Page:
Take an “active rest day” by tackling Chamonix valley’s only via ferrata, which is Italian for “Iron Road.” Essentially via ferrata is a hybrid of hiking and climbing that was popularized during World War I to facilitate troop movements through the Alps. Series of iron pegs are attached to steep vertical walls which act as hand and footholds, while steel cables provide protection from falls by allowing climbers to attach to them using a special harness system designed specifically for the activity. Via ferrata is easy, low-risk, low-commitment and fun. This particular route offers stunning views of Mont Blanc on a clear day.
Via ferrata harness systems can be rented from Snell Sports in Chamonix or from a small shop at the base of the route. If you’ve never done it before, this informational guide from Petzl will teach you the basics so that you can safely venture out on your own.
Day 5: Aiguille du Midi
Classic route provides sustained, moderate-to-difficult climbing with short approach and superb views
Statistics: 1 Day, Trad/Alpine, 6a difficulty, 650 feet long, 11 pitches
Take the Aiguille du Midi cable car from Chamonix to its terminus at 12,605 feet and then proceed through the alpinists exit via a tunnel of ice, onto the Col du Midi. Drop down onto the glacier and the base of the route will be to the immediate right. (20 minutes.)
The Aiguille du Midi’s south face was first climbed by Gaston Rebuffat, while wearing leather mountain boots, in 1956. Decades later, the Rebuffat route has become an ultra-classic and is a must-do for alpinists looking to push past moderate territory while in Chamonix.
The climbing is challenging but well-protected and it starts and ends at the cable car, making the route much less committing than others of such caliber. Though its access is inviting, weather can change quickly in the alpine (we got caught in a snow storm during the last few pitches). If you’re too slow, you may end up sleeping outside (or in the Midi station’s bathroom). Be sure to keep track of the time.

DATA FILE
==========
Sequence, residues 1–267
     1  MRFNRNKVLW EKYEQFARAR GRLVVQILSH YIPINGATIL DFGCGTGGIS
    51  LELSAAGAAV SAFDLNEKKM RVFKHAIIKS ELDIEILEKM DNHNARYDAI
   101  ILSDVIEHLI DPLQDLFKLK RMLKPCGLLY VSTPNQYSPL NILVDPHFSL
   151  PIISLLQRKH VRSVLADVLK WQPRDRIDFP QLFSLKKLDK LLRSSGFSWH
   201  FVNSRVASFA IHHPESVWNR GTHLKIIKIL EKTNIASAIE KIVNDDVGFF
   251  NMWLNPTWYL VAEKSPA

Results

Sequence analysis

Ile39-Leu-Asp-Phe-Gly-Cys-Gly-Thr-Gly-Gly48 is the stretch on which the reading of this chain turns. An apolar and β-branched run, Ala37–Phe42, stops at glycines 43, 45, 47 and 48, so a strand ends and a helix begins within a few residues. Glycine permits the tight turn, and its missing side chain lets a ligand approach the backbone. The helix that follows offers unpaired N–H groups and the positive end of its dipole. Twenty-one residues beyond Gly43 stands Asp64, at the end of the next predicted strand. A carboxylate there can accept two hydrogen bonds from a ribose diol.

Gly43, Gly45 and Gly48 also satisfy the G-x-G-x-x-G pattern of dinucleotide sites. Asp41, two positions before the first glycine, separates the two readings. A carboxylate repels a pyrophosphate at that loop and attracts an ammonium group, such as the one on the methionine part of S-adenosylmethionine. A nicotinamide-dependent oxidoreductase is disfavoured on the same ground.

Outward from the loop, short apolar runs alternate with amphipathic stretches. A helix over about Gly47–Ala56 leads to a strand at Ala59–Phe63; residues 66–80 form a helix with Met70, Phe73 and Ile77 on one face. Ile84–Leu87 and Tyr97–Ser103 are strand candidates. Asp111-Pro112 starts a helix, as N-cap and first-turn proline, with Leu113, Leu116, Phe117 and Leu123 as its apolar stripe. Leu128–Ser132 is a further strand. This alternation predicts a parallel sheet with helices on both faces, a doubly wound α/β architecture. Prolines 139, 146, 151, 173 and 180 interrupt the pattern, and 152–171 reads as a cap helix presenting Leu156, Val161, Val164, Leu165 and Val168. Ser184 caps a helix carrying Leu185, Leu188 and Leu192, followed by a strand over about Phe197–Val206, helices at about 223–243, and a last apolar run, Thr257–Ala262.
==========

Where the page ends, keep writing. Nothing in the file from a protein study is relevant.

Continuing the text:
Day 6: Valgrisenche
Tranquil valley filled with moderate-to-difficult bolted sport climbs in an idyllic setting
Statistics: 30+ routes, Sport, 5b-6c Difficulty, 15 Minute Approach
A couple of days in Valgrisenche is the perfect vacation from your climbing vacation, but you’re gonna need a car to get there. From Chamonix, drive into Italy via the Mont Blanc tunnel. Follow directions to here, then follow signs for climbing. From the small parking area, it’s a short walk to the crag.
When Chamonix gets hit with weather, you can cross the Alps to the Italian side and find sunshine as well as a respite from the craziness that is the mountain resort town. Valgrisenche is a small village located up a valley just across the border. It’s chock-full of single- and multi-pitch sport climbs on beautiful limestone with short, easy approaches, scenic backgrounds and minimal crowds. If you need a break from getting pounded in the alpine, a day could not be better spent anywhere. Also, if you’re looking for something even more low-key, Valgrisenche is home to Valle d’Aosta’s longest via ferrata. But you’ll need to bring your own kit for this one because there’s nowhere in the valley to rent.
When you’re done climbing, there are plenty of places to camp near the road…or better yet, advance to the spot we found for Day 7.
Day 7: Hike and Boulder in Valgrisenche
Tackle a beautiful mountain hike that’s littered with boulders
Statistics: Dozens of Boulders, 10 Minute Approach, Miles of Hiking
Continue driving up the valley from Valgrisenche. The road will turn into a gravel path. Keep driving. Park when you can’t drive any further. (GPS coordinates here.)
The road from Valgrisenche practically leads up to the glaciers of Aiguille de la Grande Sassière — a mountain on the border of Italy and France. Upon parking in a small lot, there are a half-dozen boulders within eyesight. There are even more further up, or down, the valley. A two-hour hike will lead to the Rifugio Bezzi, a mountain hut where hikers can stay. Another option is to wild camp in the valley near the stream. From here, there are a ton of mountains, passes and valleys to access depending on your availability of time.